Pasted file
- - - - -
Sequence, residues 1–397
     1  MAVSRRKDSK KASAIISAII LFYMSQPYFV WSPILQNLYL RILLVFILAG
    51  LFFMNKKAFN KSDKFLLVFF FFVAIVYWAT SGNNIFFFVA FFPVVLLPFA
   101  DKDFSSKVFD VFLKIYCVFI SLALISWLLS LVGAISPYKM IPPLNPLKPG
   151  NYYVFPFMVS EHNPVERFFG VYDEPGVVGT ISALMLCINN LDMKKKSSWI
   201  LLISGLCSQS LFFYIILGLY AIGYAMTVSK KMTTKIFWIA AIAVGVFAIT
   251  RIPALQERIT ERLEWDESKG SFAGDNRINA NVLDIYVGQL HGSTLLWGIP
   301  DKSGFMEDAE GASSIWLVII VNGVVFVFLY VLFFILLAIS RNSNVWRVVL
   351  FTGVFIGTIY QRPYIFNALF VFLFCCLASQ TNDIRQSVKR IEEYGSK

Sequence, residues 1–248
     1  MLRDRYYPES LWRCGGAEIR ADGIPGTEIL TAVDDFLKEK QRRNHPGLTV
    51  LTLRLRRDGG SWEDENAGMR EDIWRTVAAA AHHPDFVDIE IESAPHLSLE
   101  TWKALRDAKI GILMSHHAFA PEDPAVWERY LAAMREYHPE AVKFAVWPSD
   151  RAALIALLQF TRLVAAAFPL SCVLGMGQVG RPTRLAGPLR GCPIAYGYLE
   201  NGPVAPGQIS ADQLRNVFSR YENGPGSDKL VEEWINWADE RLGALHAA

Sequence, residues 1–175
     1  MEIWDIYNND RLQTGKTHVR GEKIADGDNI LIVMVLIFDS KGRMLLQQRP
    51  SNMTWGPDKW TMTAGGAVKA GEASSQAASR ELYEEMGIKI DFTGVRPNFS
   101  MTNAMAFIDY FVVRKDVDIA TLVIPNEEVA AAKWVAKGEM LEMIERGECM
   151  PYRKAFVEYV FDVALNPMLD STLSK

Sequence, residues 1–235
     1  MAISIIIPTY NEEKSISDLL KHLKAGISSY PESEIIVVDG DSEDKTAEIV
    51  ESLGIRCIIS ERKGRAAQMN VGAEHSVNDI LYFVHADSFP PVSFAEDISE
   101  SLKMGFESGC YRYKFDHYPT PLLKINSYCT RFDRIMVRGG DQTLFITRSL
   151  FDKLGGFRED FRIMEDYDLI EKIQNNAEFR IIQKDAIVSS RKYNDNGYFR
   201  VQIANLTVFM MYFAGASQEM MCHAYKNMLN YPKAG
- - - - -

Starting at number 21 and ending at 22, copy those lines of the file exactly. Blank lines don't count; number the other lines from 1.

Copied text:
Sequence, residues 1–235
     1  MAISIIIPTY NEEKSISDLL KHLKAGISSY PESEIIVVDG DSEDKTAEIV